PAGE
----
On Saturday 23 August 2008 18:47:37 Todd C. wrote:
The only other difference I can find is that if the class doesn’t
previouly exist, class_eval on the class will cause an error.
More accurately, if the class doesn’t previously exist, trying to access
(via class_eval) will call const_missing on the parent module (usually
Object, I think?), and it’s const_missing that throws the error. (This
important, I promise.)
The “class” syntax will define the class if it doesn’t exist, and reopen
ActiveSupport (and thus, Rails) does autoloading by overriding
const_missing – which means that when you do this:
If Foo wasn’t available, Rails will actually try to autoload a file
called ‘foo.rb’, somewhere in its autoload path. Then, if that file
define Foo::Bar, it’ll go looking for ‘foo/bar.rb’, again in that path.
If, instead, you decide to do this:
In that case, if Foo isn’t available, you’re defining it right there!
means that instead of everything foo.rb presumably defines, you’re
nothing but what you’ve actually put between “module Foo” and “end”…
Which is a completely silent error until you decide to actually load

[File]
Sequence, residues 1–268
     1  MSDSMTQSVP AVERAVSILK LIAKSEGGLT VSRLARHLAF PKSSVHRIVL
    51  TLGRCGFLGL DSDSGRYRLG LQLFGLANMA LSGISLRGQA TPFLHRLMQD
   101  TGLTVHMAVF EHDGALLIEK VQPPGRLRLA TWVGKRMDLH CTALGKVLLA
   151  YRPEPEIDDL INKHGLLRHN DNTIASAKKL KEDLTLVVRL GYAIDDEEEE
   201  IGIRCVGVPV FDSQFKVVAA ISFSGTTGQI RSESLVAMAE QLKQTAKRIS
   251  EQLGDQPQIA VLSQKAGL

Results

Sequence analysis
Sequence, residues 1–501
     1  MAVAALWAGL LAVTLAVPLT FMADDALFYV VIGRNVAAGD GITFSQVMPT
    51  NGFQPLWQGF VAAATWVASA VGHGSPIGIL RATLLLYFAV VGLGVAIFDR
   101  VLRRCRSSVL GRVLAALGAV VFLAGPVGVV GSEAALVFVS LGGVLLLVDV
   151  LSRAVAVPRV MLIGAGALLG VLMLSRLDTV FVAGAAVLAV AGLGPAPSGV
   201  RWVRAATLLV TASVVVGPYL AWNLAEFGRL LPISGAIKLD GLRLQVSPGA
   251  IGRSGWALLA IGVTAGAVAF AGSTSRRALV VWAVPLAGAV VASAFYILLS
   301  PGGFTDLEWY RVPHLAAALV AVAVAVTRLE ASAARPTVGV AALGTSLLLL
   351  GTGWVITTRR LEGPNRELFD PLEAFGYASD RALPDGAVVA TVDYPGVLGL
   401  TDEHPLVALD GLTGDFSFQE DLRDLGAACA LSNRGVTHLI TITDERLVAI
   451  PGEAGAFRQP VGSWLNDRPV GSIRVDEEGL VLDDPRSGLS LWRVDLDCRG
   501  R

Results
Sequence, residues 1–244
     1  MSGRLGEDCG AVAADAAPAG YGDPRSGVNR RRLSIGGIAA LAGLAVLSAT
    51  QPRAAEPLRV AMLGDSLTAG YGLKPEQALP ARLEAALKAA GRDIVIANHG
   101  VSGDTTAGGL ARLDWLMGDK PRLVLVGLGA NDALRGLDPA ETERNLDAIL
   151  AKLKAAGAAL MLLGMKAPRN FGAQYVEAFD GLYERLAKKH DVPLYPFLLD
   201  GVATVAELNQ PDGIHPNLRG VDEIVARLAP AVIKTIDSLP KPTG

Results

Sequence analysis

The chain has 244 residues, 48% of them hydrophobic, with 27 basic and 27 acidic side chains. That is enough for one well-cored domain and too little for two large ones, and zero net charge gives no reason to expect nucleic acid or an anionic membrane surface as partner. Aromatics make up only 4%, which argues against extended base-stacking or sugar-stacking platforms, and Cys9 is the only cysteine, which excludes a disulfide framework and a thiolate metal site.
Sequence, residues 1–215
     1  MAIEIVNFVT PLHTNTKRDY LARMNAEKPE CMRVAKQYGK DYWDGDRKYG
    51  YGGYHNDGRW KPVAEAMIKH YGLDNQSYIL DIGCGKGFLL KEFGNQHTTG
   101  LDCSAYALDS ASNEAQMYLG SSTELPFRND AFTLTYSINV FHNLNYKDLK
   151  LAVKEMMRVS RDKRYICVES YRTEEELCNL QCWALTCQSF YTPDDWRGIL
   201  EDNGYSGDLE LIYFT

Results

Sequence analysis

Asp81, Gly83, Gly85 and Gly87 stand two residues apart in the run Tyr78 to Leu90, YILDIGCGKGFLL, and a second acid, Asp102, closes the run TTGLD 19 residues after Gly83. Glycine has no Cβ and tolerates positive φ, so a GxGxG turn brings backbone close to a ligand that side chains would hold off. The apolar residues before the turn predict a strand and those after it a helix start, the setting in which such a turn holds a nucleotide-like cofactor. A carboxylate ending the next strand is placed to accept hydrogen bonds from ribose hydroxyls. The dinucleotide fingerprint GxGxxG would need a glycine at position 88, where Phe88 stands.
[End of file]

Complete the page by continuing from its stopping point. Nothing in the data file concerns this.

in which case, the only error you’ll get is if you thought Foo was a
and it was actually a class.
Now, this probably isn’t a problem with ActionController, since, being
that’s probably always available.
But if there’s going to be autoloading anywhere in the project, I
a best practice to only use “class” or “module” once, where you intend
originally define the class (or module) in question. If you need to
to monkeypatch, use _eval.
The same is NOT true of “autoload”, by the way. (Seems to be in 1.9, not
what versions of 1.8.) That is, if you say:
autoload :Foo, ‘foo’
This will actually work the way you expect.
There are other problems with autoload, though – it doesn’t support
overridden require commands, nor does it provide any other means of
extensibility beyond modifying the global require path.